In terms of financial investments, individuals can make money based on the knowledge behind the monetary value of various stocks. Edge is the term coined to represent this knowledge, and it has “degrees” of publicity. If you read the information in the New York Times, it was in the public domain and this white edge was safe. However, since everyone knows this information and digitization responds to public announcements almost instantaneously, you can’t make a living just off of white edge. And that’s where black edge comes in……
Black Edge, written by Sheelah Kolhatkar, is a story behind the “inside information” that is illegal to utilize in stock market profits. Black edge can come in the form of unpublished revenues, unannounced merges, and internal project findings (medical, technical, digital) before being published in any form that can be obtained without fancy dinners, sport outings, or just general “business relationships.”
The main focus of the book is on one man, Steven Cohen, and his rise from being a son to a poor family to becoming a business owner of his own hedge fund company (SAC) as a successful billionaire “built” on an aggressive hierarchy of shady trades. The books goes into a hefty story behind the interactions between the SAC, the Securities and Exchance Commission (SEC), the FBI, and the multiple individuals involved. I won’t go into the details behind these specifics, but it does involve doctors, art auctions, FBI rivalries, an a few condemned traders (just not Cohen).
Lesson learned: If your company is going to thrive on illegal operations, make sure that there’s no links that trace yourself back to your minions doing all the dirty work.
The narrative, however, does lead to many introductions into the details behind multiple topics that the audience can learn from, outside of the limitless possibilities when one becomes a billionaire. Nothing like collecting art, right?
If you aren’t familiar with hedge funds, their name originally came from a technique of “hedging your bets.” You would buy stocks that you think were going well, and you would short stocks that weren’t going to do so hot. [Shorting stocks, explained in simple terms, is selling a stock that you don’t own….yet. You’d buy it later when the price (hopefully) drops]. Thus, you would return some sort of profit regardless of if the economy boomed or busted. Original hedge funds were very stable, like bank investments that looked at the long term potential, until ….. they weren’t. They just started looking at quarterly returns and then to weekly returns.
And finally, hedge funds no longer “hedged their bet”……they just traded however they liked to maximize profits. This trend took off in the financial sector and is now the huge swing in corporate American focus that everyone grumbles about today. Short term investments, at the sacrifice of the long haul. This has even led to the “demonizing” of target companies that specific individuals were planning to benefit from; publicly ridiculing (anonymous, of course) a company to force their stock prices to drastically go down (and shorted stocks to be profited from).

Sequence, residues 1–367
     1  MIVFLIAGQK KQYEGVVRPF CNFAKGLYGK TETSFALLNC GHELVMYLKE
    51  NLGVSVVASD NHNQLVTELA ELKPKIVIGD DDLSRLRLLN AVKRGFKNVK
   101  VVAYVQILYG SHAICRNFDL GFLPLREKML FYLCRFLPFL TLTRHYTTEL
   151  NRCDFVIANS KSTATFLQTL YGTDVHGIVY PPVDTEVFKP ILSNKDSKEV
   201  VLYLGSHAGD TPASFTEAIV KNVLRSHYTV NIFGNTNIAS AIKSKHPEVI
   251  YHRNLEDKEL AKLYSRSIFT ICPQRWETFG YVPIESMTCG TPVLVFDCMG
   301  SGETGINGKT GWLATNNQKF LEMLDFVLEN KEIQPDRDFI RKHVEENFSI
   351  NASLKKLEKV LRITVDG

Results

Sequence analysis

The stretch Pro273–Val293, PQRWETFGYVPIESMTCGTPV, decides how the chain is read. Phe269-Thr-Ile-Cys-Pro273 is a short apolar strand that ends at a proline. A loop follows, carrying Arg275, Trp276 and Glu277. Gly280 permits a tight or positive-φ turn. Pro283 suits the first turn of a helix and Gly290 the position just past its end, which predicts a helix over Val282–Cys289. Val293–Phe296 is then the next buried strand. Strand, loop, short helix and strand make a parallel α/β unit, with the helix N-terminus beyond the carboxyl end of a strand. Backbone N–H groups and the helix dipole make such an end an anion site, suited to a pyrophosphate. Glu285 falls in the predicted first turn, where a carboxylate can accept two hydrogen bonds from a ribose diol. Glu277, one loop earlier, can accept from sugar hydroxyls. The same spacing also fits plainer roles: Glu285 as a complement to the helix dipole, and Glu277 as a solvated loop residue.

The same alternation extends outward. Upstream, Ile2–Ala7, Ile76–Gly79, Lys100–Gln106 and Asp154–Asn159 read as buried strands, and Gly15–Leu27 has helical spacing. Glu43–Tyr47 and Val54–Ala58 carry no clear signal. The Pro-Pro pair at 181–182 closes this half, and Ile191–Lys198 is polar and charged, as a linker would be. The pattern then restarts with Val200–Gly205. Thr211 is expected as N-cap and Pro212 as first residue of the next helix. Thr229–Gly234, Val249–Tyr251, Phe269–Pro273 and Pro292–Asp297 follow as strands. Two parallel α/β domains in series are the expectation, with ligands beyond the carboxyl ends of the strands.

Black edge, thus, has been the main ingredient for this financial monster to keep dredging through the years, even after the stock market crash within the last decade. As observed through this book, it can be handled in different ways. It can be developed from a false sense of trust and relationship between individuals. It can be from a tit-for-tat trade deal, where each party is the benefit of a financial gain. But most importantly, for the legal security of the interested parties, it was treated as a Fight Club. The first rule of Fight Club………
The alternative tactic in gaining an edge over other investors is in gray edge. Something in the middle, where it feels wrong, but not bluntly wrong. While everyone will have a different sense of what would be difference between white and black intel, the only opinion that matters is the government. And even that changes over time!
The epilogue describes how recent court rulings have set a new premise in what is considered illegal trading. This involves something on the lines of……
“The benefit the leaker received in exchange for sharing the information had to be something tangible, akin to money. Friendship or favor-trading on its own was not enough.” (page 291)
People were let go, charges were dismissed, and others continued to make millions in weeks.
Personally, I don’t know what is truly right or wrong. When you think of crimes, there’s typically harm [physical, financial, social, mental] done to a specific individual or group. However, in the stock market, who is losing? It’s similar to the selling price of a house, where someone may not make that money because they were not available, physically or mentally, able to take that risk in buying/selling at the right time. Stocks, on the other hand, are so anonymous that illegal trading can feel extremely harmless……..